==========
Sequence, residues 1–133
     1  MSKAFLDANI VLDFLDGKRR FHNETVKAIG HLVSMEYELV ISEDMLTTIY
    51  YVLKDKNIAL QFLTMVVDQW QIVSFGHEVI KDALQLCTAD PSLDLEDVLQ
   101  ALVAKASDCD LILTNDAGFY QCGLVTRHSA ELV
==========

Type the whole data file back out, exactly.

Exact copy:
Sequence, residues 1–133
     1  MSKAFLDANI VLDFLDGKRR FHNETVKAIG HLVSMEYELV ISEDMLTTIY
    51  YVLKDKNIAL QFLTMVVDQW QIVSFGHEVI KDALQLCTAD PSLDLEDVLQ
   101  ALVAKASDCD LILTNDAGFY QCGLVTRHSA ELV